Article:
YokimaSun (930294) writes "Fans of Emulation and Homebrew have not had much to cheer about over the years, the recent generation of consoles have all pretty much killed off any hacking by constant firmware updates. The days of PSP Homebrew have died a death and consoles like the Caanoo, GP2x and even the mighty Openpandora never really lived up to the massive expectation. There is a glimmer of hope from a team of homebrew developers who have developed a new console called the GCW-Zero, a new Open Source Handheld system which uses the OpenDingux Linux OS, the specs are impressive with a Ingenic JZ4770 1 GHz MIPS processor, Vivante GC860, capable of OpenGL ES 2.0, 3.5 inch LCD with 320x240 pixels; 4:3 aspect ratio, 512 MB DDR2 and 16GB of internal memory which can via external memory card be extended by another 32GB. N64 and PS1 emulation and everything below should be at full speed in time."

Comment: Statistical analysis used in online tournaments (Score 5, Interesting) 328

by jvarsoke (#42591675) Attached to: How Do You Detect Cheating In Chess? Watch the Computer

Over the board (OTB) is one thing, but online (c)heating becomes incredibly hard to detect in situ, for pretty obvious reasons. The online chess community has taken a couple of approaches to detect this. For PlayChess Online (a server that hosts online games), they try to detect if your computer is running another process that is a known Chess Engine while you are playing your game. Easily subverted by having two computers, or even a Virtual Box setup.

The most successful way to detect cheating is in postmortem review. I worked with the ICC/FICS Slow Time Control league team (one guy usually) who would run move correlation statistics off suspicious games. There were lots of parameters in his analysis to tweak: ignore book (pre-planned) openings, use endgame tables, tolerance threshold, plys deep to look, how many branches to examine, etc. I was part one of the peer reviewers of the system and an occasional game. The basic idea was to run the moves through a few engines and find out how high the move correlation was for both players. In certain points of the game, the move correlation is very high because good candidate moves are obvious. However, over a single 35move game (avg), GM correlation with any of the popular chess engines (even HIARCS, which supposedly plays more like a human) was around 23%. 1800 level players (club level) were even less. Magnus Carlsen wasn't on the scene yet; he apparently learned more from the computer than any human. Perhaps he'd be higher. The typical cheater scored around 98%.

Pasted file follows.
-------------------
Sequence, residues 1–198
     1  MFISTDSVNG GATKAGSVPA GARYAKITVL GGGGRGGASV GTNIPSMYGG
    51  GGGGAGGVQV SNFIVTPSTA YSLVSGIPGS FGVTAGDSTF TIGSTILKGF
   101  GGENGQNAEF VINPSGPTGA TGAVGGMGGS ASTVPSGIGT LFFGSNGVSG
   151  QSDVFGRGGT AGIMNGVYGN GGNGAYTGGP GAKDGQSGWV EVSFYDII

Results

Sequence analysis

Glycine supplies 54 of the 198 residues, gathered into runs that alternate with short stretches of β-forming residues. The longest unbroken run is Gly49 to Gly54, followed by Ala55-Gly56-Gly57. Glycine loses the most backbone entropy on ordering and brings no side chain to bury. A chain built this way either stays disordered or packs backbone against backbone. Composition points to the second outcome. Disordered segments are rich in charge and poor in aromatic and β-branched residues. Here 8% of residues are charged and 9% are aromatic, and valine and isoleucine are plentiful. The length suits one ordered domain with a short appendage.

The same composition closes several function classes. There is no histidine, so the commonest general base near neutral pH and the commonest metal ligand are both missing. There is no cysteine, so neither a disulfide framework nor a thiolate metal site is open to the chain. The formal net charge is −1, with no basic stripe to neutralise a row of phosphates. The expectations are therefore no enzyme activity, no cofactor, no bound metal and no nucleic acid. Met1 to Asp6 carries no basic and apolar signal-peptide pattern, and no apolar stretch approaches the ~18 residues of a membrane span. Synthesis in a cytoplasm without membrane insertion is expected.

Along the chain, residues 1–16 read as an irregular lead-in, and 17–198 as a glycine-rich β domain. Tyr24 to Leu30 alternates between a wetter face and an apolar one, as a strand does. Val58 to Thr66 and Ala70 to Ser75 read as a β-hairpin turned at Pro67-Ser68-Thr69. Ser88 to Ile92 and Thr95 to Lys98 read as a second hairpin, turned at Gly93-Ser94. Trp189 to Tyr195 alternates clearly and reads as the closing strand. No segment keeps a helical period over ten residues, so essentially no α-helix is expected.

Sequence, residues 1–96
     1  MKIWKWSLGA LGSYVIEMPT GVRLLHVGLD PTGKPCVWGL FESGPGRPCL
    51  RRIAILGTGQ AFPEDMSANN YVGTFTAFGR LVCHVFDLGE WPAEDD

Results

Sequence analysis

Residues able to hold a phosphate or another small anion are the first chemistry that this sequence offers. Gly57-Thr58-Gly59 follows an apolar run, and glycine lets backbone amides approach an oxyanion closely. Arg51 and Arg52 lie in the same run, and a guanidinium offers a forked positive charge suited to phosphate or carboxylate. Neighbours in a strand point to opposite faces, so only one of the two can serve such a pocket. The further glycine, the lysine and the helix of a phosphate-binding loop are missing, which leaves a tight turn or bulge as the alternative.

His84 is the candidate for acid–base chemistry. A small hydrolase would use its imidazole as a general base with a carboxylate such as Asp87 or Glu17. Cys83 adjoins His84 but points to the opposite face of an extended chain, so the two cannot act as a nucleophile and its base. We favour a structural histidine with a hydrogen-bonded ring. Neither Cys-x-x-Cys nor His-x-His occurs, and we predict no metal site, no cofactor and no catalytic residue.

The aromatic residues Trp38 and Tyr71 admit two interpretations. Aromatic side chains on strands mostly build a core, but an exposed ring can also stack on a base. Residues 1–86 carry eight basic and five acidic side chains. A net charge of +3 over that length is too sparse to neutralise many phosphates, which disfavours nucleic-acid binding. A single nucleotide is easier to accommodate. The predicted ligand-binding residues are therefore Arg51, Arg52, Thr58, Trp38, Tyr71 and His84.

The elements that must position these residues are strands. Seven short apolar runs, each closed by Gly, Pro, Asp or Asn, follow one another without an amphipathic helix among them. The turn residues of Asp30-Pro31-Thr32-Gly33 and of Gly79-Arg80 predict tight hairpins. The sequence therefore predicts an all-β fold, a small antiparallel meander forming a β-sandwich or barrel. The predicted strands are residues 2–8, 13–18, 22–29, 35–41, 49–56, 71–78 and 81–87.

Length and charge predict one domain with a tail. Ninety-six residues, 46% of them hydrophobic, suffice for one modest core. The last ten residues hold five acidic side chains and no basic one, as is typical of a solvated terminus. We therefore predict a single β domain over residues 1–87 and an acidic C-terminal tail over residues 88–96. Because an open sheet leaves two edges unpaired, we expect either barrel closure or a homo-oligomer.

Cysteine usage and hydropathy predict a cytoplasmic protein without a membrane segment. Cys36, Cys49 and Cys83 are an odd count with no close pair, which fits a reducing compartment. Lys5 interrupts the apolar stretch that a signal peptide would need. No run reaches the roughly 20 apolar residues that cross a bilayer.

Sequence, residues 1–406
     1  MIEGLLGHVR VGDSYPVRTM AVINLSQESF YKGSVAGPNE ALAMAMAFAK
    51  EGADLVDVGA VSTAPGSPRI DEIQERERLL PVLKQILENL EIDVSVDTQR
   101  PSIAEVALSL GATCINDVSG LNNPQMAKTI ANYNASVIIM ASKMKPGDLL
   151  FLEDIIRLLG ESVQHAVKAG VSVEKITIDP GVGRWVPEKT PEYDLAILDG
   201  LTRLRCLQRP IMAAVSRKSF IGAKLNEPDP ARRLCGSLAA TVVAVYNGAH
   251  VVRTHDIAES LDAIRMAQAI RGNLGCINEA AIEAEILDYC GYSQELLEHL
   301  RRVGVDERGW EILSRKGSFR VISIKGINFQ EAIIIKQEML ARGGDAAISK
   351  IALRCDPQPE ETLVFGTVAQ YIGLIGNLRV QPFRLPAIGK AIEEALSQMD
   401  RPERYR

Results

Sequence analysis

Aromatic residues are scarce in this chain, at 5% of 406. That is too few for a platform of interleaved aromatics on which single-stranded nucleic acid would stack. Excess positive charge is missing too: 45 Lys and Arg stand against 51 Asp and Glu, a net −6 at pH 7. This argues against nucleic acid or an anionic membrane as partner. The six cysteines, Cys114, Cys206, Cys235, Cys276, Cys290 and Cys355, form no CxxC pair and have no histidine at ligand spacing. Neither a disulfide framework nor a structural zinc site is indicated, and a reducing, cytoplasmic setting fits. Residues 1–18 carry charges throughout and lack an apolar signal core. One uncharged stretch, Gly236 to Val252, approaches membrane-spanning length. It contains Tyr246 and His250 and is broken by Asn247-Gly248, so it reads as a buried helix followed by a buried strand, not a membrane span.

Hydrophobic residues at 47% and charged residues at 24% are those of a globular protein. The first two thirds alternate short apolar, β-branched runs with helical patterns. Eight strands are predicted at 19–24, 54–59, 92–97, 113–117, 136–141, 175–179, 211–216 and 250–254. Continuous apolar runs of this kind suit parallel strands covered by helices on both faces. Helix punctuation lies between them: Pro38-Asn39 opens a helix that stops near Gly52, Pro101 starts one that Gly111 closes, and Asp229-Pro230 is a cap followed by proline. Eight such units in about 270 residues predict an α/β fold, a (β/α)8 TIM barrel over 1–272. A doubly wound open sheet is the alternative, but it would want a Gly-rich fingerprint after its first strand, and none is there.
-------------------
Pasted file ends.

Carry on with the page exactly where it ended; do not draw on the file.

This of course is not to say that there couldn't be a player who "thought like a computer". But this would put in question the main criticism of game specific AI, and general AI, that they do not actually model how the human brain thinks. Finding a human who thought like a computer would actually be incredibly interesting to the whole field of AI. That being said, the burden at that point is on the cheater to prove because he is well beyond a reasonable doubt.

Comment: Bubba II: 7Watts, Silent, Sexy? (Score 1) 697

by jvarsoke (#29866817) Attached to: Low-Power Home Linux Server?

I went from an old 300W system down to a 7W Bubba II from Excito. Runs debian and all that entails. Also has a nice WebUI interface for most services (which I've never used). Comes in a few HD configurations. Other than the HD it is completely silent. It's also nice looking, if that matters.

Probably the only thing I wish it had was a sound-card.

I've been using this for a year and have loved it. Perfect for my needs.


+ - A modern database development environment?

Submitted by jvarsoke
jvarsoke (80870) writes "In the last 20 years application development has seen the adoption of great new tools and practices that allow for better, faster and more complex development by larger teams (SVN, JUnit, Clover, CruiseControl, etc). Best of all the tools work for developer — lots of buy-in. But the database engineering side of the house operates like it was still the 1980s. Introducing an IDE and debugger was a big win, but SVN and UnitTesting flopped due to centralized deployment/development platform, and stateful nature of DBs. What does the modern database development environment look like?"

Gosh that takes me back... or is it forward? That's the trouble with time travel, you never can tell." -- Doctor Who, "Androids of Tara"